Saturday, November 22, 2008

The basic pro-life argument

Here is what I think is the essential pro-life argument.
1. Either we are persons, having the right to life from conception, or we acquire the right to life somewhere between conception and birth, or at birth.
2. If we acquire the right to life between conception and birth, the criteria by which we become persons is arbitrary. We end up picking a point where personhood commences without an adequate reason for placing the point there.
3. But the right to life is not to be decided arbitrarily. The beginning of personhood must occur at a principled, not an arbitrary point.
4.The only principled point at which personhood can begin is conception.
5. Therefore, humans in the fetal stage have a right to life from the moment of conception.
6. The right to life has priority over other rights, both our own and those of others.
7. Therefore, we have a right to life from conception that has priority over other rights (such as the right to privacy, or the right to do as one pleases with one's own body).
8. If we have a right to life from conception that has priority over other rights, then abortion, except in those cases where the mother's life is in danger, should be outlawed.
9. Therefore, abortion should be outlawed in all such cases.

6 comments:

Gordon Knight said...

"If we acquire the right to life between conception and birth, the criteria by which we become persons is arbitrary"

I don't see how this follows. It may be that being a person involves the possession of a certain property. If so, then the criteria for personhood is not arbitrary, its based on an objective fact about normal human development.

There might be epistemic problems determining precisely when such a property develops, but that does not make the criteria itself arbitrary.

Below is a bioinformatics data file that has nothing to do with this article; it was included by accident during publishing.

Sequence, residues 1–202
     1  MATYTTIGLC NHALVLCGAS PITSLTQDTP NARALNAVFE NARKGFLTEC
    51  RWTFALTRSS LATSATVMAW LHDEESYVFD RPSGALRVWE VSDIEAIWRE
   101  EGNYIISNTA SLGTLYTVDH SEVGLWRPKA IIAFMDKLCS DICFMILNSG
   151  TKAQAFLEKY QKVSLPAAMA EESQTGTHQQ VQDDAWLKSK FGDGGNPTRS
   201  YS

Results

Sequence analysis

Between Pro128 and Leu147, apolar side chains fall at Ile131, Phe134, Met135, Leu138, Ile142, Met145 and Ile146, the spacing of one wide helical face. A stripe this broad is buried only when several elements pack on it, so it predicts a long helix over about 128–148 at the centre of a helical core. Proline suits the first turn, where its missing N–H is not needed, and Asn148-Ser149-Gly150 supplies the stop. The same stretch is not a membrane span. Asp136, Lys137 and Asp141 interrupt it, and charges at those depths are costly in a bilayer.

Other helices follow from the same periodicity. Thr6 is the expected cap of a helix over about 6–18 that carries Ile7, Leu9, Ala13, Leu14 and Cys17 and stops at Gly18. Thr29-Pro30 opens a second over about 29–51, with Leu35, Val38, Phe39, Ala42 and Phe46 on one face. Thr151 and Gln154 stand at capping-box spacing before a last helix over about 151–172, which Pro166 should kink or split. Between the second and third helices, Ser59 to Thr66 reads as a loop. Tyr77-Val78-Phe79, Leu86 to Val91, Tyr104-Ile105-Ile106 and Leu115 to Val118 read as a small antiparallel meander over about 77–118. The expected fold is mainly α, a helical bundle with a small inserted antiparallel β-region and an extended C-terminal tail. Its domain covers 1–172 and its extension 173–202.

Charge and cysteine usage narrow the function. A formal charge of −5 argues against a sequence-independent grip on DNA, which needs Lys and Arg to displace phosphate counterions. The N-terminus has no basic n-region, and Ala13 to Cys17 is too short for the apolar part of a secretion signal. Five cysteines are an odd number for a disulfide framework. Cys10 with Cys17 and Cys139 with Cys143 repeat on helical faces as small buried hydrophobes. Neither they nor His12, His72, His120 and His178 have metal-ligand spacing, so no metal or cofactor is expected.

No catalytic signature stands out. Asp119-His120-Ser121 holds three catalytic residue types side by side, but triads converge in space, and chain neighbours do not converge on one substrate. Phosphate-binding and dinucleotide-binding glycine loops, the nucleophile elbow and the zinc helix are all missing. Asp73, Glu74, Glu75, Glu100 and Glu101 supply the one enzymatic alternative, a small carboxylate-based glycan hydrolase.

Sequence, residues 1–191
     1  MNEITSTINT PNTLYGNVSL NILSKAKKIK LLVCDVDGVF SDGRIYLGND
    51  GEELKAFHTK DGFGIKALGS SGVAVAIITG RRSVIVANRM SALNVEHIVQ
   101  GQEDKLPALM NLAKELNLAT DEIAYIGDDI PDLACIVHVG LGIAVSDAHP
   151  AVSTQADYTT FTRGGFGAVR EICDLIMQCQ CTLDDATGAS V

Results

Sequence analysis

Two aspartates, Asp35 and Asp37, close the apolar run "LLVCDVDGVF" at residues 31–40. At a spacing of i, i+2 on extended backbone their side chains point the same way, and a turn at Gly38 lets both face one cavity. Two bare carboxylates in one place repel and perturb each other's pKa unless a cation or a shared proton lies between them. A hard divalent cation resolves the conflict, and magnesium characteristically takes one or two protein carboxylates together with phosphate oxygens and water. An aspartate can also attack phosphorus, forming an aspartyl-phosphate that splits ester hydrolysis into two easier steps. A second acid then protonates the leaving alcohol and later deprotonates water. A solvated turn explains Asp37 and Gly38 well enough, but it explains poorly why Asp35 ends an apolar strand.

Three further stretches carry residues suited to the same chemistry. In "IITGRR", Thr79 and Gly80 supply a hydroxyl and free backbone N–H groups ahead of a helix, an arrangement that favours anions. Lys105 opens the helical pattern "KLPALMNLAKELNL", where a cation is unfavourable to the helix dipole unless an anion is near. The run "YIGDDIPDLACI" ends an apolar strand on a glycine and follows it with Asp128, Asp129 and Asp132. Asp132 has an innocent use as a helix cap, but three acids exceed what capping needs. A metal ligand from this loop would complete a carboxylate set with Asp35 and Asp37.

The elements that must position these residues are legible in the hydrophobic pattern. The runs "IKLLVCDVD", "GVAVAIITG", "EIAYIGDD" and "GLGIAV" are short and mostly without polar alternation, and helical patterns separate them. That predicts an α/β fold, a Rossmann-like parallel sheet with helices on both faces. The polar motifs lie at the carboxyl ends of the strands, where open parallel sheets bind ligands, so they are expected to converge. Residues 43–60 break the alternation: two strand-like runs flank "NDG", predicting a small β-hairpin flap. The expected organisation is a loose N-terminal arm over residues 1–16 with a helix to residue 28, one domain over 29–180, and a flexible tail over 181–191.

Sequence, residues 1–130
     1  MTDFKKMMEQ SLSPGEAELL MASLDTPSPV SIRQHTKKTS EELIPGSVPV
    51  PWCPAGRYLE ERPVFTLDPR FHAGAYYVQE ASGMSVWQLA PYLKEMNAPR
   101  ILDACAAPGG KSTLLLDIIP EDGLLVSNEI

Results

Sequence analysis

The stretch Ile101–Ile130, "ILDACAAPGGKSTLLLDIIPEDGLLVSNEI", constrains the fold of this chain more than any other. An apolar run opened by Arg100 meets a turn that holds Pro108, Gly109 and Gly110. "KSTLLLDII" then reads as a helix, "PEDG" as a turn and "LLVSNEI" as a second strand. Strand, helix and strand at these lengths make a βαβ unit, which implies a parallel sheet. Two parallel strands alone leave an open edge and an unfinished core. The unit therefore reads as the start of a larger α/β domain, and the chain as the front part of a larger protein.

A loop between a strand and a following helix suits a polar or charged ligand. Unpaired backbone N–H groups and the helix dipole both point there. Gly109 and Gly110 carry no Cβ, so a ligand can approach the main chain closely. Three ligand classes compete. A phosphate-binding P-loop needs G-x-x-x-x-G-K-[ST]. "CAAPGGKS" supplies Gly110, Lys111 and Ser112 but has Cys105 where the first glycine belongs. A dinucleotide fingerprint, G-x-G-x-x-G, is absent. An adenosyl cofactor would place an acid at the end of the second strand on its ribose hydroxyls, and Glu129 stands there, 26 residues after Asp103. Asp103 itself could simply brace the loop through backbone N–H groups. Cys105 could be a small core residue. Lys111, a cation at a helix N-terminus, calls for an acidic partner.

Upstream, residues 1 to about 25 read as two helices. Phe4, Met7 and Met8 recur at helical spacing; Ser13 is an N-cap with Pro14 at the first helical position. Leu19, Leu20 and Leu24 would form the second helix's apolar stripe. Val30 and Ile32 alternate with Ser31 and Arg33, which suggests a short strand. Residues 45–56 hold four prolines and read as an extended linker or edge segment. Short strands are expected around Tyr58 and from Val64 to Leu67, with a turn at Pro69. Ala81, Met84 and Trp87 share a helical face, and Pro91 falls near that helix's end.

Mike Almeida said...

2. If we acquire the right to life between conception and birth, the criteria by which we become persons is arbitrary. We end up picking a point where personhood commences without an adequate reason for placing the point there

The criteria are not arbitrary. The criteria are vague. This does not mean that there are no definite persons or that there are not definite non-persons. It means there are cases in which it is indeterminate whether something is a person. How is this an objection? It's like arguing that acorns must be oak trees because there is no determinate point at which one becomes the other.
The conclusion they should reach is that in every case in which it is indeterminate whether something is a person, we should err on the conservative side and treat it as a person. Of course, the same problems arises at higher orders of vagueness, since it could be indeterminate whether it is indeterminate that somethign is a person. But such worries can be resolved in similar ways, erring on the conservative side.

The Family said...

quoting Mike:

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The criteria are not arbitrary. The criteria are vague. This does not mean that there are no definite persons or that there are not definite non-persons. It means there are cases in which it is indeterminate whether something is a person.
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One valid viewpoint by such a criterion is that the embryo becomes human at the piont that it has a working neural net and circulation, which would be around day 45. Of course this is not exact, but one could easily say that this always occurs by, say, day 60. By such criteria, the "morningafter" contraceptive would be permitted, but the vast majority of abortions would be killing a human person.

One Brow said...

Victor, I don't think you can get pro-lifers to agree to number 6 as stated. If nothing else, the typical pro-lifer response to the violinist scenario indicates some sort of idea of personal responsibility or moral culpability must be involved for the embryo's right to life to have priority.

Sean Dalton said...

Life begins at conception. From conception, an embryo has unique human DNA, I don't understand how you could believe that a human is only a human after it passes through a woman's birth canal. What makes a human "human"? The embryo is a growing human being. Nothing else.

Anonymous said...

If a fetus is a person at conception then does that mean that a miscarriage should be considered involuntary manslaughter?